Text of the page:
The key is learning to read product ingredient labels. It may feel like a huge task at first, but there are really only a few rules.

Rule # 1: Read every label every time you buy the product. Ingredients change over time.

Rule #2: If a gluten ingredient is added to the product, the word wheat, rye, barley or oats MUST appear on the label.

Rule #3: Check the Contains statement first. If it has a gluten ingredient, you know it is not OK. If there is no gluten ingredient in the Contains statement, the product is OK.

Rule #4: If there is no Contains statement, check the ingredient list for the words wheat, rye, barley or oats.

Rule #5: Treat anything listed in a “May Contain” statement as it if was part of the ingredient list.

Now what?

Everyone reacts differently to being put on a strict gluten-free diet for life, usually with a combination of feelings:

  • Sometimes people are happy because they finally have a reason for their health problems and a way to make things better.
  • Sometimes people get angry at being forced into a gluten-free diet or at their doctor for taking so long to diagnose their problem
  • Sometimes people declare that everything gluten-free tastes like crap and they are going to eat what they want to eat, no matter what.

There are some strategies you do not want to emulate.

  • Some people eat gluten free, sort of, but they regularly cheat on their diet, putting their current and future health at risk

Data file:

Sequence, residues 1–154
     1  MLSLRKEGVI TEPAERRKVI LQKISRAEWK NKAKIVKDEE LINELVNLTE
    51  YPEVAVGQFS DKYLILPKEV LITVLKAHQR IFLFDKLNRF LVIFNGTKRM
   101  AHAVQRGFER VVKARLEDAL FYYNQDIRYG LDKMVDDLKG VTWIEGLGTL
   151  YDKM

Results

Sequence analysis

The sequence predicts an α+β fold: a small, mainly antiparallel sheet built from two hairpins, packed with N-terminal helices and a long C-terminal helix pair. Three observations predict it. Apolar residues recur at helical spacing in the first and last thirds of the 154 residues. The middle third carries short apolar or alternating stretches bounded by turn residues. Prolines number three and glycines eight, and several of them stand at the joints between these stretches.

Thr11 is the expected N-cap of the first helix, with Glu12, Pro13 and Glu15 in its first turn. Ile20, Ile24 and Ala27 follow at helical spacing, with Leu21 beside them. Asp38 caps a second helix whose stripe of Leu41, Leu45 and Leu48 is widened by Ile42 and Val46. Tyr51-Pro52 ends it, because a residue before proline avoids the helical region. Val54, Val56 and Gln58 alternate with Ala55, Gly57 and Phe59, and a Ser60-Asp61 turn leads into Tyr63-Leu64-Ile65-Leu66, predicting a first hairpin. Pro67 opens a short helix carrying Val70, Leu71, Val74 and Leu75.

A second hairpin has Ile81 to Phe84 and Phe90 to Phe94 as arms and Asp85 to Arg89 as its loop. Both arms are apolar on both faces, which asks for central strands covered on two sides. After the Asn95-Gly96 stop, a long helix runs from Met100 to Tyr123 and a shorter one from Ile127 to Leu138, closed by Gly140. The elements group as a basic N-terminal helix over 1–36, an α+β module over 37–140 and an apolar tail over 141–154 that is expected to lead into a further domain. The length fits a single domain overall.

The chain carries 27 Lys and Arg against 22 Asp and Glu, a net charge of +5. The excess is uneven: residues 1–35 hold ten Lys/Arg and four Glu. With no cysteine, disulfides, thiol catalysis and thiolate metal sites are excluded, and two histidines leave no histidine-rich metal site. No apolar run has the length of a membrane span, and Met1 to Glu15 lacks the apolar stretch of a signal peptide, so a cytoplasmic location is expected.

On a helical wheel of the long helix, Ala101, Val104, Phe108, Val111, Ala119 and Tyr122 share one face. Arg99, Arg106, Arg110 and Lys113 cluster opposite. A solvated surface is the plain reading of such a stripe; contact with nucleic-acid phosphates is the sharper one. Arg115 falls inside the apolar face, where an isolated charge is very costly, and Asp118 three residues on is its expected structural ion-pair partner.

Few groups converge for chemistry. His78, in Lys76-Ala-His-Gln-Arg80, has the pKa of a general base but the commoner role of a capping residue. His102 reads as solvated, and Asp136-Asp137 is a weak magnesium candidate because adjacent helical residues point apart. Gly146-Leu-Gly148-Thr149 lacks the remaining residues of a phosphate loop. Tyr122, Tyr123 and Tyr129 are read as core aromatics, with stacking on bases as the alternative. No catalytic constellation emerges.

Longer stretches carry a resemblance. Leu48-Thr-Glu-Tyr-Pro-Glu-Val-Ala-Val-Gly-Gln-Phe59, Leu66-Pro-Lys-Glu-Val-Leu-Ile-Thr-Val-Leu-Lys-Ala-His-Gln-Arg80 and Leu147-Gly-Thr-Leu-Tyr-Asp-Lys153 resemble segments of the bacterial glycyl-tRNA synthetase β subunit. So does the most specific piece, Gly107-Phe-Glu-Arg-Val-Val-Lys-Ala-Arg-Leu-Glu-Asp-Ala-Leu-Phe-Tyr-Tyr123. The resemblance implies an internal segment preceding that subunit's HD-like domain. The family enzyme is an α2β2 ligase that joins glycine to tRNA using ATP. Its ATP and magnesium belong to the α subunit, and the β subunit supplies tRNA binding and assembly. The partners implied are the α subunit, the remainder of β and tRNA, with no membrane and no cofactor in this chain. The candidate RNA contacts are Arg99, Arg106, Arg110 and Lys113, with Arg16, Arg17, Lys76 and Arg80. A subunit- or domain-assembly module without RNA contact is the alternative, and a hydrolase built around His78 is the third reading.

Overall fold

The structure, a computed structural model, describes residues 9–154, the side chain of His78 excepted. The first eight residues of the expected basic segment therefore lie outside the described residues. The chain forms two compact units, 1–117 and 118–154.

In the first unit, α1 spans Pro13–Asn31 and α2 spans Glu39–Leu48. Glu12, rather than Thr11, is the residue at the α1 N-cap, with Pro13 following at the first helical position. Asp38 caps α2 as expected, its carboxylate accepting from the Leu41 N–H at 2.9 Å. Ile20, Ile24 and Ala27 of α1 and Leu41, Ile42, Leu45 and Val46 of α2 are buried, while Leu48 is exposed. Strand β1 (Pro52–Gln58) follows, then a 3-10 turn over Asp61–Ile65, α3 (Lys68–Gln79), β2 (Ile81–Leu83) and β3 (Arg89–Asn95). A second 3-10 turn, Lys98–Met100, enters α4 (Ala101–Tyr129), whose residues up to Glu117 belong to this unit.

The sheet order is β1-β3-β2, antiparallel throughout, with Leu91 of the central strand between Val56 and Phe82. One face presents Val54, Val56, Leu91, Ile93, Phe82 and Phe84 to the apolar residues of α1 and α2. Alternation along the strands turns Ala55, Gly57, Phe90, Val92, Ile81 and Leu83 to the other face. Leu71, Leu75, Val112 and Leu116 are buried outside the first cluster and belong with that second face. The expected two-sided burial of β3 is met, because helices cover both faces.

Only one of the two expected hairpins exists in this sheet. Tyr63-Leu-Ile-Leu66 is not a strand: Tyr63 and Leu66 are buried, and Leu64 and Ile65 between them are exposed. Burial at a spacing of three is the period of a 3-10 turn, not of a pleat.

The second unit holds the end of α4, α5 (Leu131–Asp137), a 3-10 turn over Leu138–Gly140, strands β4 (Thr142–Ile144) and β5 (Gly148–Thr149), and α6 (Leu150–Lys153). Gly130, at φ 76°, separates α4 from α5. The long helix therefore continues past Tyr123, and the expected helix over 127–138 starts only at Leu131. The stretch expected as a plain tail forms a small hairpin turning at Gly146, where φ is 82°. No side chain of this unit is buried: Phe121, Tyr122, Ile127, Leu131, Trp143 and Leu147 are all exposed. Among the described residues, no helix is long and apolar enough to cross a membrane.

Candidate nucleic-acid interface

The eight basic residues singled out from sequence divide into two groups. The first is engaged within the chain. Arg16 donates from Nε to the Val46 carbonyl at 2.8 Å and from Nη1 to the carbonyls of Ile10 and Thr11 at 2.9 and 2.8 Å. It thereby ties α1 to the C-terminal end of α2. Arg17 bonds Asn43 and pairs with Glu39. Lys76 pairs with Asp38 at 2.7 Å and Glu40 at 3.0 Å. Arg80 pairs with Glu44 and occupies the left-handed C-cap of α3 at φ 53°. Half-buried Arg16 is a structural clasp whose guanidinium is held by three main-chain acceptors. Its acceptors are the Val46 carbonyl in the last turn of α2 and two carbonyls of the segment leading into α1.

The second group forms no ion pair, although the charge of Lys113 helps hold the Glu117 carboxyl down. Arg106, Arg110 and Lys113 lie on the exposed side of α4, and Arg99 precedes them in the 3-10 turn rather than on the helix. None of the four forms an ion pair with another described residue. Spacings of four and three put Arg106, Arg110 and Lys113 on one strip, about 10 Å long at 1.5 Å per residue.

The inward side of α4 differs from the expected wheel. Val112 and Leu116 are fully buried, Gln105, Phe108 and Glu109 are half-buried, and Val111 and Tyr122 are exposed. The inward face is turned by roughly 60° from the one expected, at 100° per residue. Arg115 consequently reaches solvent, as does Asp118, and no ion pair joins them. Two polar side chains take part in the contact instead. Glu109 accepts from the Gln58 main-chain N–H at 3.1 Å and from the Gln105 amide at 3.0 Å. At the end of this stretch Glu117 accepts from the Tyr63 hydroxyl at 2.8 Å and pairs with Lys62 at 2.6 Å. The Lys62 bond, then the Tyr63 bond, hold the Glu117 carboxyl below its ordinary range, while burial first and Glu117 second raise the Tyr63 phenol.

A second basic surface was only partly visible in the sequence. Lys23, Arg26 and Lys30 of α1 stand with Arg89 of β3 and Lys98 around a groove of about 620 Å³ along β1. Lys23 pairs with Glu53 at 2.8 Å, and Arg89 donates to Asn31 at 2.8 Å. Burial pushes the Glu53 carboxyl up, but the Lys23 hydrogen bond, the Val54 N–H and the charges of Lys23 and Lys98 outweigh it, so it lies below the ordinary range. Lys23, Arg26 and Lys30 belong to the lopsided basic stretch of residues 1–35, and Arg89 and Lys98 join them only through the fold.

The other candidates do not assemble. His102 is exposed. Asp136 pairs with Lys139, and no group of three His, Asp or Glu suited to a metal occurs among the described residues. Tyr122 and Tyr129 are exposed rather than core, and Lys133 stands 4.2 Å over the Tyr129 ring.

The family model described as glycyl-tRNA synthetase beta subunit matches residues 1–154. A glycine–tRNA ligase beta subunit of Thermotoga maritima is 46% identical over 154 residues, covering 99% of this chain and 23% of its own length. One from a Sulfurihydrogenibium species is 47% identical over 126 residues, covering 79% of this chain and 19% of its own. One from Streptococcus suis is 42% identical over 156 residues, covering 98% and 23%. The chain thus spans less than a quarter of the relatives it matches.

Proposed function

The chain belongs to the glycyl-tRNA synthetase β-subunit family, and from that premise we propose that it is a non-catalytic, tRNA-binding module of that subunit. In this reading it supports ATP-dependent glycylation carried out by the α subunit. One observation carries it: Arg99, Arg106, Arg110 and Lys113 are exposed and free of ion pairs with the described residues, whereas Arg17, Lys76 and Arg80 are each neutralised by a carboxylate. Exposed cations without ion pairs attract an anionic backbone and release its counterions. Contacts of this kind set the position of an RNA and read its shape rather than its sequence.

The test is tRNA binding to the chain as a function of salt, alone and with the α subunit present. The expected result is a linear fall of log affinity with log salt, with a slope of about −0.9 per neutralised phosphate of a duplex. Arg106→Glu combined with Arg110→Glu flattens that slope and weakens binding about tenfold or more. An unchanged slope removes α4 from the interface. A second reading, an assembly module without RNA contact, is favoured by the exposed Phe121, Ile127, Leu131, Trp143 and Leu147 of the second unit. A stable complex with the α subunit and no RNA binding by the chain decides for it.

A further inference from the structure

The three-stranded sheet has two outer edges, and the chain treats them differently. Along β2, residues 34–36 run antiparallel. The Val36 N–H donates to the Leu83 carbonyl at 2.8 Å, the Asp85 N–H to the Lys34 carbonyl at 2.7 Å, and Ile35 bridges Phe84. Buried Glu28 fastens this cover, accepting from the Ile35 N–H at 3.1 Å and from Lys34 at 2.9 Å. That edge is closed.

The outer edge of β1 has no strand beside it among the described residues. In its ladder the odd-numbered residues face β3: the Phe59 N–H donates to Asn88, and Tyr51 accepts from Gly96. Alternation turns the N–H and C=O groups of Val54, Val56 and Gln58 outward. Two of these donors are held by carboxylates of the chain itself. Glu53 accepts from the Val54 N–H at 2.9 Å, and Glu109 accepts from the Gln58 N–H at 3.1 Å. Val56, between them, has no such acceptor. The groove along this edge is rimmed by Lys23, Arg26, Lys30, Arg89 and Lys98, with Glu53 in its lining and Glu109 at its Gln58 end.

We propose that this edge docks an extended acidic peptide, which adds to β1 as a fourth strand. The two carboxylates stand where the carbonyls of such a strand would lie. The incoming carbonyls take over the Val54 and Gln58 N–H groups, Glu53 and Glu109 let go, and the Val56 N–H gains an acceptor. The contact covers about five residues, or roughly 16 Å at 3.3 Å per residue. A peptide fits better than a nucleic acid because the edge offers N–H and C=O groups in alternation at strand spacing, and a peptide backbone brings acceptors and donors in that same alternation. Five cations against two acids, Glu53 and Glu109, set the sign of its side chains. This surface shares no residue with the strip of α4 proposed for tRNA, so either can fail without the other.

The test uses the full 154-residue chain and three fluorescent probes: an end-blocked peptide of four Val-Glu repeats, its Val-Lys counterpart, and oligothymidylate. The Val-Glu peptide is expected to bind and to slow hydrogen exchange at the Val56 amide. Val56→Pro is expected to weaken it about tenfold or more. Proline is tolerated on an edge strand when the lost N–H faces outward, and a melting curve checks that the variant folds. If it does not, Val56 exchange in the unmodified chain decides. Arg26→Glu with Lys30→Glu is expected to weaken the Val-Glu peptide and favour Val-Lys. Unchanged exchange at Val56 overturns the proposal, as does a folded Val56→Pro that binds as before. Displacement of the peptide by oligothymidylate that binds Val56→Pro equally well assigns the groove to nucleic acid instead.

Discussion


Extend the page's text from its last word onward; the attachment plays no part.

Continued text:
• Some people stick to an extremely limited set of foods and are constantly unhappy about it. They leave themselves open to potential nutritional complications because they don’t eat a healthy variety of foods.

Your local chapter of the CCA can help a lot as you get started. They have peer counsellors who can answer questions and help you find products locally. They also provide reassurance that you are not the only person in the world dealing with this problem. Find your local chapter here.

Finding Reliable Information

The Internet is full of information about celiac disease, gluten sensitivity and the gluten-free diet. Not all of this information is valid, useful or accurate. Separating Internet myths from fact is a key piece of being comfortable with eating gluten free.

The quantity of information is staggering and it comes in so many forms – from blog entries to dense scientific articles. On top of sorting through the huge quantity of information, you also have to deal with a very uneven level of quality.

Some of it is sheer speculation without a shred of proof; some is the result of years of painstaking study and research. Some of it comes from people who want you to buy something (or not buy something) and some of it is offered with the best of intentions.

I don’t think a lot of people specifically try to create fear maliciously, but sometimes they repeat information they have heard from other people who have either misunderstood something or who have drawn conclusions that are absolutely unwarranted based on fact.

Here’s an example. I was sent a newsletter that basically said “there seems to be am Internet controversy about whether enriched rice is safe because there might be gluten in the enrichment coating so I suggest you avoid it”.